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Drivers’ Lottery offers van drivers cash prizes for driving better

  • Lightfoot telematics system incentivises better driving
  • Prizes and other rewards encourage better mpg, fewer crashes
  • Available to businesses and private drivers

Written by CJ Hubbard Published: 19 May 2021 Updated: 19 May 2021

Win prizes for driving better – that’s the attention-grabbing claim for something called The Drivers’ Lottery. Too good to be true? Well, see what you think after you’ve read this.

What is The Drivers’ Lottery?

The Drivers’ Lottery is a prize draw created by a Devon-based tech firm called Lightfoot.

It’s a means of engaging company car and van drivers with their employers’ ambitions to improve driving standards, reducing running costs, pollution and accidents in the process. It works by providing a direct incentive to drive as carefully and responsibly as you can.

Lightfoot claims there’s a one-in-10 chance of winning, and that weekly cash prizes amounting to more than £50,000 in total have been given out over the past 12 months. That amount is set to triple in 2021.

Other awards include supercar driving experiences, short breaks, chocolate hampers and consumer electronics.

How does The Drivers’ Lottery work?

Lightfoot’s technology – which is backed by the government’s Innovate UK agency as well as being endorsed by a number of industry bodies and insurance providers – is described as a ‘Fitbit for cars and vans’.

It combines a small device that connects directly to the engine’s electronic control systems and a smartphone app.

The device contains a number of lights, divided between a ‘long-term performance indicator’ and a series of ‘real-time live performance indicators’ that give the driver instant feedback on how they’re driving in the moment. Both operate a traffic light type system, meaning Green is good, Amber is ok and Red is bad.

Lightfoot in-cab device - size comparison with coins
Lightfoot in-cab device - size comparison with coins

Since taking your eyes off the road isn’t generally a good idea, Lightfoot can also ‘talk’ to warn the driver if their standards are slipping.

Keep a long-term ‘Elite Driver standard’ performance score of 85% or more, and you’re in with the chance of winning a prize – the level being set at 85% because Lightfoot says it understands that you can’t drive perfectly all the time. Sometimes you need to speed up when overtaking slower traffic or using a slip road, for instance.

The technology is said to take account of vehicle load and the gradient (slope) of the road, so better understands the reasons a driver may be doing what they’re doing.

The instant feedback of the in-cab device provides driver coaching that’s apparently effective within just a few weeks, while the app provides a sense of community – drivers can compete in leagues to demonstrate their personal superiority – as well as other useful features, competitions, incentives discounts, and the aforementioned cash prizes.

An add-on Driver ID module ensures that the right scores are attributed to the right driver, in cases where the van is shared between a number of employees.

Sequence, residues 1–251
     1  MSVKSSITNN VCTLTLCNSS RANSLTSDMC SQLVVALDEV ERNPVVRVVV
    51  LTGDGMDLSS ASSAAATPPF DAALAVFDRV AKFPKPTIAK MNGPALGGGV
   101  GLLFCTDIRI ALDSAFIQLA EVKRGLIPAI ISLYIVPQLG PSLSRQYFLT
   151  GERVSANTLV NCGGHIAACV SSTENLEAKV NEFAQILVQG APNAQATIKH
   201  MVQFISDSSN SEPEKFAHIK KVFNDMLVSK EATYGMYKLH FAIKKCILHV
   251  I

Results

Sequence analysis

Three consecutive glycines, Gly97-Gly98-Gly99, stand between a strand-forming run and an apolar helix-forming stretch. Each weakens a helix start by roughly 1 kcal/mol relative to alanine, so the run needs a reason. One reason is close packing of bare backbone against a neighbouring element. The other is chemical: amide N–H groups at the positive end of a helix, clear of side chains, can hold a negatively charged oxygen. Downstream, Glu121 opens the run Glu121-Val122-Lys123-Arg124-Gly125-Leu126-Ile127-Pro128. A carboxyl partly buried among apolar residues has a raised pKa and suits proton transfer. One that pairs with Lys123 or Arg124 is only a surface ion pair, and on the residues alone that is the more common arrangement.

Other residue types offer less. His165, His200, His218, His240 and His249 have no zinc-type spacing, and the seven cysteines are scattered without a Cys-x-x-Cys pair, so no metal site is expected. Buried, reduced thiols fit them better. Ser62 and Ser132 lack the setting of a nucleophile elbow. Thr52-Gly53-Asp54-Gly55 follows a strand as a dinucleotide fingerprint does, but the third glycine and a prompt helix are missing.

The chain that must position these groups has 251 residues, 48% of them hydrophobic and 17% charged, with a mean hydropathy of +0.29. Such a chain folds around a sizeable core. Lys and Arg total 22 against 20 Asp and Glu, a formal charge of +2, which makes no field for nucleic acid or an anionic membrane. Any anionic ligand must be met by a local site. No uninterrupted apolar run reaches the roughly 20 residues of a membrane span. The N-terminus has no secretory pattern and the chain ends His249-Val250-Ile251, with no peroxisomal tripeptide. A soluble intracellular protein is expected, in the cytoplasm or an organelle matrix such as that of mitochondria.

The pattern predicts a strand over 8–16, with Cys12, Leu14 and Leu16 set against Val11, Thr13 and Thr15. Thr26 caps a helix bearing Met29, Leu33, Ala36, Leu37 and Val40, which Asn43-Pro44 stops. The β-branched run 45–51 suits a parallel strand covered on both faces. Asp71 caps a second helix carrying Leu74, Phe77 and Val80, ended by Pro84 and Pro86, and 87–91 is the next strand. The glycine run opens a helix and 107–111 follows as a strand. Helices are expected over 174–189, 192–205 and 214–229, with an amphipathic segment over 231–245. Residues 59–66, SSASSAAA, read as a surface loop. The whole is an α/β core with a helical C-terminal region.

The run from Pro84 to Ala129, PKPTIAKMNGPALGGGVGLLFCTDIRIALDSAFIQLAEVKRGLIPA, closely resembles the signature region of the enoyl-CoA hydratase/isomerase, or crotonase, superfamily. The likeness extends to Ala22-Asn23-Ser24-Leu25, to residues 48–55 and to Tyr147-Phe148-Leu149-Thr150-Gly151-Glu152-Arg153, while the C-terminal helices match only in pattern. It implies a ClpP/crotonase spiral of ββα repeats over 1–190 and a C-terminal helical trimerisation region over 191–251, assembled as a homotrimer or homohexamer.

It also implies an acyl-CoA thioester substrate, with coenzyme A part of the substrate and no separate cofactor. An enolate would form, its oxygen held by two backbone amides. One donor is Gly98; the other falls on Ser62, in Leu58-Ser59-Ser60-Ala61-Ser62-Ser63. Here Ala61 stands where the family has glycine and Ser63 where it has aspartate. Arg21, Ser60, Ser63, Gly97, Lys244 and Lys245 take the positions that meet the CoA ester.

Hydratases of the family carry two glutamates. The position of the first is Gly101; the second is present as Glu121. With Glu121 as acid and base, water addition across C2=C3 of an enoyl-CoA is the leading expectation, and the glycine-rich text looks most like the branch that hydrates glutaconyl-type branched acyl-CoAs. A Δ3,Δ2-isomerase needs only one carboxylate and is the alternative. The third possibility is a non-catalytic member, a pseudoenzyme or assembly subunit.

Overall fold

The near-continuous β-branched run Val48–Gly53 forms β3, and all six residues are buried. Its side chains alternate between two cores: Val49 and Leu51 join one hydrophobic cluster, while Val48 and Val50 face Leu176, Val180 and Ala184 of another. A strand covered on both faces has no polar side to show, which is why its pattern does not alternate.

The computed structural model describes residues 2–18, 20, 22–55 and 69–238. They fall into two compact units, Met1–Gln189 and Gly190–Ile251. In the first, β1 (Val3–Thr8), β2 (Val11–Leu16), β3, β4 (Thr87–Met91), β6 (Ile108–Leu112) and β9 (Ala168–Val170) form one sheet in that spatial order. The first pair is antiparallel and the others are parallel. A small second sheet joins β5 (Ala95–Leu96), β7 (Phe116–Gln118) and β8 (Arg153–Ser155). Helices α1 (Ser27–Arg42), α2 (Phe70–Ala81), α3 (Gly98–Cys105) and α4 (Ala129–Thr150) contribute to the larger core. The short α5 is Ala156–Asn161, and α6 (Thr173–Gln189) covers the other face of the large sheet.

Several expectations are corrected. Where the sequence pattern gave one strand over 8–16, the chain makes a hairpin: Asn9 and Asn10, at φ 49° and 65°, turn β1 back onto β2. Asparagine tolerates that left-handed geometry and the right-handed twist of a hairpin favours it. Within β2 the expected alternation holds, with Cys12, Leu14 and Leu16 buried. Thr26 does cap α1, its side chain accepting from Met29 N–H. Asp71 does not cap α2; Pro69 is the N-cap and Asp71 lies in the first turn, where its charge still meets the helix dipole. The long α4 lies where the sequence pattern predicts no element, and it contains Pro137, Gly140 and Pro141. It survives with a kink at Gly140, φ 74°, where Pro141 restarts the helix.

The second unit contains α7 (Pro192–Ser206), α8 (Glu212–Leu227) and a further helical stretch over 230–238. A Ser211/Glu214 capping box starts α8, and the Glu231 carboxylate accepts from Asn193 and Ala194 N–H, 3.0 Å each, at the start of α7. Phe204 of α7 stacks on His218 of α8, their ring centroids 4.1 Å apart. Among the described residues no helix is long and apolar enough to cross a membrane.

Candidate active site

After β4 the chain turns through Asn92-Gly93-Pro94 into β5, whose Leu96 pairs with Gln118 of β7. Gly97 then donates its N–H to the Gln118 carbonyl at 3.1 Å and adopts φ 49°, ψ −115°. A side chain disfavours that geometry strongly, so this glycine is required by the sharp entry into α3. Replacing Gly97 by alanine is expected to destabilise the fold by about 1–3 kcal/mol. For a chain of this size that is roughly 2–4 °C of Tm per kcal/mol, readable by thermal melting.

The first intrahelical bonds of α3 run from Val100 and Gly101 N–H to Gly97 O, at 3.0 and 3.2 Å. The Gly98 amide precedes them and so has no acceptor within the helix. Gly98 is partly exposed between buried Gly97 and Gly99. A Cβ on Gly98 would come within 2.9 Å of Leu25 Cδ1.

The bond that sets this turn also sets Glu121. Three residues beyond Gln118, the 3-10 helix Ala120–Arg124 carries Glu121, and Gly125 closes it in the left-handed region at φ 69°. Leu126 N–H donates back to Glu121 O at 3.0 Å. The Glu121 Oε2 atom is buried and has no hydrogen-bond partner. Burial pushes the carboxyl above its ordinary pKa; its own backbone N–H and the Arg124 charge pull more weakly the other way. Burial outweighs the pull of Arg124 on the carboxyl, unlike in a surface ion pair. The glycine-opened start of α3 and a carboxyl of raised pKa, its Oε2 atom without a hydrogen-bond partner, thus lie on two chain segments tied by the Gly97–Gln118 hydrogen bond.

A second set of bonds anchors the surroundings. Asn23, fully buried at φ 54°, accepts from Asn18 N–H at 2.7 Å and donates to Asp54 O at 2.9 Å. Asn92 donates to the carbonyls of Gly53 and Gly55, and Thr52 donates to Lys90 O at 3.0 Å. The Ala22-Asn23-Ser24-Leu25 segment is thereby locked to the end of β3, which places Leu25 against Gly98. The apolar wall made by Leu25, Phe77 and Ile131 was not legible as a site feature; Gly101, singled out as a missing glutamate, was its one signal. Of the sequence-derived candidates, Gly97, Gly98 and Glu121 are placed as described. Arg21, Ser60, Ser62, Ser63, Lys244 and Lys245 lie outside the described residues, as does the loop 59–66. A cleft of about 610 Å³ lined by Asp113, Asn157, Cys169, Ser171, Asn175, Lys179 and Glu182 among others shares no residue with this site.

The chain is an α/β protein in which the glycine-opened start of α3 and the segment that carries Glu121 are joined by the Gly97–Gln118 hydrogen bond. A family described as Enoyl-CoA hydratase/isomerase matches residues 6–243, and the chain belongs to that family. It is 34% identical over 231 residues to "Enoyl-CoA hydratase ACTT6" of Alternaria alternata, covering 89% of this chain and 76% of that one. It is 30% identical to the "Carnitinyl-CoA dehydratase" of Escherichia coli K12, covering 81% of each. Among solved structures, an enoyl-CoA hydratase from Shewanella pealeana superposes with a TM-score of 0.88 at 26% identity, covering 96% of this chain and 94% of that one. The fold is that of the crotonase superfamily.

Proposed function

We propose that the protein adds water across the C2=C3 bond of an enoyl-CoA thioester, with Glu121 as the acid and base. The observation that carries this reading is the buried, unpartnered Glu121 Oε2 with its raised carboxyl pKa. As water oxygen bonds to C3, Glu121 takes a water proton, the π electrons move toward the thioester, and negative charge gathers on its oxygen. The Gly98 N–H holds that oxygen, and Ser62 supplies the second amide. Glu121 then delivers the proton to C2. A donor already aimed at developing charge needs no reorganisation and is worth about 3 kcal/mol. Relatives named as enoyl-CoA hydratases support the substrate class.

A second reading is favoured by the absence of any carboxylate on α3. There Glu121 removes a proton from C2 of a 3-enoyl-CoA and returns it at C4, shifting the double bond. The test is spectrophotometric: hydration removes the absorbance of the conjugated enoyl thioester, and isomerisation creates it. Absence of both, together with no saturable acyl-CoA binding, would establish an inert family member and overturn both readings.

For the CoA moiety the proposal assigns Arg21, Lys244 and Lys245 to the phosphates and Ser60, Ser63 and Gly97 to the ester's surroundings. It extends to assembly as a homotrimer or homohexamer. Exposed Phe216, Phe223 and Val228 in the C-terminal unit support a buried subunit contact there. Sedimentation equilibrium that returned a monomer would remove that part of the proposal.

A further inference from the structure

Isn’t this just telematics in a fancy dress?

Well, yes – Lightfoot does provide a full suite of ‘Elite’ telematics functionality for fleet management purposes. But it also claims to have a ‘driver first’ approach, and that rewards are a better way of achieving long-term improvements in driver behaviour.

The idea being that if you incentivise drivers to behave better when behind the wheel of the van, rather than criticising them when they don’t, you get much better engagement.

‘The carrot not the stick,’ as Lightfoot puts it.

How much can it really help?

Lightfoot says companies can expect to see:

  • > Up to 15% reduction in fuel consumption
  • > Up to 15% reduction in CO2 emissions
  • > Up to a 40% reduction in at-fault accidents
  • > Up to 45% reduction in down time

All the above stats are backed by academic studies or insurance providers. Brakes and tyres should also last longer, reducing maintenance costs.

The technology has been developed in partnership with the Institute of Advanced Motorists (IAM) and ‘leading driver-behaviour experts’ at the University of Bath.

Supposedly only 3% of drivers achieve the 85% Elite Driver standard with Lightfoot switched off, while 80% can manage it with Lightfoot switched on.

What about driver privacy?

As Parkers has been investigating, a lot of data is produced by cars and vans, which can be potentially lucrative as well as raising privacy concerns.

Lightfoot in-cab device - on dashboard
Lightfoot in-cab device - on dashboard

The Lightfoot system is fully customisable so that fleets can configure it to collect only the data they want. GPS tracking can be switched off completely (it doesn’t rely on this for driver coaching anyway), and Lightfoot can be disabled outside of business hours if you prefer.

What if I’m not part of a large company and still want to get involved?

‘Private Motorist’ versions of the Lightfoot are available from places such as Halfords, where it’s currently priced £229 – with an on-going subscription fee after the first 12 months of £3.99.

This uses the same technology, and gives you access to The Drivers’ Lottery and other prizes.

As the device plugs directly into the OB2 data port, some older vehicles won’t be compatible. But those that are also get vehicle health monitoring and fault diagnostic alerts as part of the package.

Lightfoot Drivers’ Lottery explainer video

Also read:

>> Surveillance Capitalism and your car

>> Van insurance costs

>> What is FordPass Pro and FordPass Connect?

>> What is Mercedes Pro Connect?